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NEW YORK (TheStreet) -- The big three headlines surrounding Ireland's debt problems, China's actions to slow lending, and the delay in tax cut negotiations kept the U.S. stock markets volatile, but unchanged last week as individual investors stayed on the sidelines. The positive news was easier to miss. What we found most interesting last week was the key developments in support of an emerging investment theme: the return of the dividend.

Individual investors have remained net sellers of U.S. stocks during every week during the second half of 2010 despite solid gains. In 2010, the biggest individual money flows were out of the lowest-yielding asset classes -- cash and large-cap U.S. stocks -- and into higher-yielding asset classes like bonds (specifically high-yield bonds) and foreign stocks. While investors are unlikely to pay up for growth, demand for stocks is unlikely to require lower valuations. Instead dividends may be a key theme in the stock market as investors increasingly seek yield. A steady yield is attractive for 2011 given an outlook for modest price gains coupled with above-average market volatility.

While U.S. investors have been reluctant to embrace dividends, there were some signs last week they are beginning to pay more attention.

Setting the tone for last week was the news on the prior Friday (Nov. 12) that Intel was raising its dividend. Intel shares jumped 1.5% that day after announcing a 14% increase in the dividend.

On Wednesday of last week, the Federal Reserve (Fed) issued guidelines, including a stress test, for evaluating proposals by large banks to increase dividends. The Fed encouraged banks to have their capital plans filed by January 7, 2011 and indicated that it expects to provide a response to the banks by the end of the first quarter. We expect the top banks to receive regulatory approval on dividend increases sometime in early 2011.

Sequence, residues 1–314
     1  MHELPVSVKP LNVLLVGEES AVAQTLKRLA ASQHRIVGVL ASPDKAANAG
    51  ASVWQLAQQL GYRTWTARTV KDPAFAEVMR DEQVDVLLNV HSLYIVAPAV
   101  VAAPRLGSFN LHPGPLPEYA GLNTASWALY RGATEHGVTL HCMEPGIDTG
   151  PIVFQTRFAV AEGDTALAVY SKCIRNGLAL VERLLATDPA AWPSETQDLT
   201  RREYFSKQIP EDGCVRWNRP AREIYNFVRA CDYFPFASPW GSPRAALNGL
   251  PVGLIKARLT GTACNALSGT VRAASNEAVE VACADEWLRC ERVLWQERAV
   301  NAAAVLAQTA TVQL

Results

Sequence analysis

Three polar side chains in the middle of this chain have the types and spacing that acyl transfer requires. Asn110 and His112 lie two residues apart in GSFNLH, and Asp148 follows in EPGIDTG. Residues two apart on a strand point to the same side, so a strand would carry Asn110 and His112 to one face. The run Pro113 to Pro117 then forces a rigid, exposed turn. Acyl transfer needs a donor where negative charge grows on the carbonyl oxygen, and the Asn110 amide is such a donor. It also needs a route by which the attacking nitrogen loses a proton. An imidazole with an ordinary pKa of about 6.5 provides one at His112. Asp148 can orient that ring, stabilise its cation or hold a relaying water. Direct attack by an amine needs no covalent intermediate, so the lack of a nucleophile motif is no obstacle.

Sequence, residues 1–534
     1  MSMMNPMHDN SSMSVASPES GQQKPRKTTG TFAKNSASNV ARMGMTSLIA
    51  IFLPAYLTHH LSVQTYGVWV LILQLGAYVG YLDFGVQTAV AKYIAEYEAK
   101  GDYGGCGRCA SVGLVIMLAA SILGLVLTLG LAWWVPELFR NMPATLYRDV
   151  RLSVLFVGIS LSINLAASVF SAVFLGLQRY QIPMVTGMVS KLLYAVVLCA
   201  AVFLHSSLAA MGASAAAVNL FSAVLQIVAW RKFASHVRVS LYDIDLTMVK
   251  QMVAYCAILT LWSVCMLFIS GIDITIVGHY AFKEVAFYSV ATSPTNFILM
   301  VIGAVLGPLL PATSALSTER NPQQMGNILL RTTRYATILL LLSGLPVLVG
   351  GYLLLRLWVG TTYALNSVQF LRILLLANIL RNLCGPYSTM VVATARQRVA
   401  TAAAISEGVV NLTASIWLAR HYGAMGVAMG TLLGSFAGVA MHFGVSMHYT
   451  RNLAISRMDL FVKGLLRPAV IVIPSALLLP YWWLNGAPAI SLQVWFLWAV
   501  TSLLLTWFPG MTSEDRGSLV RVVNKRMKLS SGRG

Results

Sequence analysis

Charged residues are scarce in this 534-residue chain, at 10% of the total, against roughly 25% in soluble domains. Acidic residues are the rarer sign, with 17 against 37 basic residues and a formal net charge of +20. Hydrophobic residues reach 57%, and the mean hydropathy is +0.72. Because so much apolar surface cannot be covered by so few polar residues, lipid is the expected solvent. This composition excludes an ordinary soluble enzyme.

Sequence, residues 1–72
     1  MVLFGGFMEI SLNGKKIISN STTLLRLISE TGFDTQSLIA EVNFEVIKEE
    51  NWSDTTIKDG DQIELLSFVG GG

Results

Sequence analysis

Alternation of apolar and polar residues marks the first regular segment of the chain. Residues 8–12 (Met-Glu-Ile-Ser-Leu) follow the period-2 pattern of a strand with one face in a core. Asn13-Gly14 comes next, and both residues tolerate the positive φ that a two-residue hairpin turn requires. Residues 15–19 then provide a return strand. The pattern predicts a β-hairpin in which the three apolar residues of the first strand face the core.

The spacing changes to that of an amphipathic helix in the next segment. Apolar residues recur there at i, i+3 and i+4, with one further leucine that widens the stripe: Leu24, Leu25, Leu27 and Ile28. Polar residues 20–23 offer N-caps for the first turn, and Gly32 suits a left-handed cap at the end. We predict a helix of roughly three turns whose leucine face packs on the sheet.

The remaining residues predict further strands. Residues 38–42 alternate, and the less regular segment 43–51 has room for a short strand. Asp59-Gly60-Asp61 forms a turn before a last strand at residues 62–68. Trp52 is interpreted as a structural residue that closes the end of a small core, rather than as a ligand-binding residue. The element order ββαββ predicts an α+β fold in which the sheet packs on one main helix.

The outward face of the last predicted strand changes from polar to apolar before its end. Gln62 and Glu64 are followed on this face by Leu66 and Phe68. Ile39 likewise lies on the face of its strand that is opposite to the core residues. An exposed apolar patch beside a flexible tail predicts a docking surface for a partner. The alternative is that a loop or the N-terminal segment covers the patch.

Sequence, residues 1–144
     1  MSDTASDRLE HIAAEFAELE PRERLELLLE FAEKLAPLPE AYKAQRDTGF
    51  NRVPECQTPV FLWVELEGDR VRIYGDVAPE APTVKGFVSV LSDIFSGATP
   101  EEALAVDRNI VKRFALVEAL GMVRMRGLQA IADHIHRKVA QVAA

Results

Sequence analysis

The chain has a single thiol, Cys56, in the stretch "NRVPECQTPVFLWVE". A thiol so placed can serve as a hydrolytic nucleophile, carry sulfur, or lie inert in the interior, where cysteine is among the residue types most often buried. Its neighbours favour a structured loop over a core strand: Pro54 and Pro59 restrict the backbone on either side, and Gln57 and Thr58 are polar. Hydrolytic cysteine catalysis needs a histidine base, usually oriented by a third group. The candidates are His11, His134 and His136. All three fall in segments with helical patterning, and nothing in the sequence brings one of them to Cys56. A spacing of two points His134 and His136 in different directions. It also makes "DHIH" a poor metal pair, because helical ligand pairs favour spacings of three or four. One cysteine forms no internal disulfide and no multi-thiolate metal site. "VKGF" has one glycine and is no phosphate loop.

After the market closed on Tuesday of last week, Comerica , not one of the "systemically-important" 19 banks subject to the above Fed guidelines, became the first among the large U.S. banks to raise its dividend, doubling the payout to 10 cents. The stock climbed the following day.

After the close on Thursday of last week, Nike announced a 15% increase to the dividend, powering a 4% gain for the stock on Friday.

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For most of the time since the March 2009 lows, stocks of companies that do not pay a dividend outperformed those that pay dividends.* However, as the pace of economic growth has slowed and bond yields reached new lows, the performance of dividend-paying companies has been catching up. For example, last week, the

S&P 500

companies that pay a dividend outpaced those that do not.

The first quarter is typically when S&P 500 companies announce the annual increase in the dividend. This year, companies are sitting on record amounts of cash, and the percentage of their earnings they are currently paying out in the form of a dividend is below 30%, this is both an all-time low and well below the average of about 45% over the past 50 years. We expect significant dividend increases favoring the stocks of dividend payers in the coming months.

As yield becomes more scarce, investors are willing to tolerate more risk to obtain it. Individual investors have shown a strong preference for yield this year which may prompt them to increasingly turn to higher-yields offered by many stocks. Of the 500 stocks that comprise the S&P 500 Stock Index, over 100 pay a yield that is higher than that of the 10-year Treasury note. The yields offered by the stocks in the S&P 500 Consumer Staples (3.2%), Telecommunications Services (5.4%), and Utilities (4.4%) sectors are considerably higher than that of the 10-year Treasury note (2.9%).

*According to LPL Financial and FactSet.

Jeffrey is Chief Market Strategist and Executive Vice President at LPL Financial.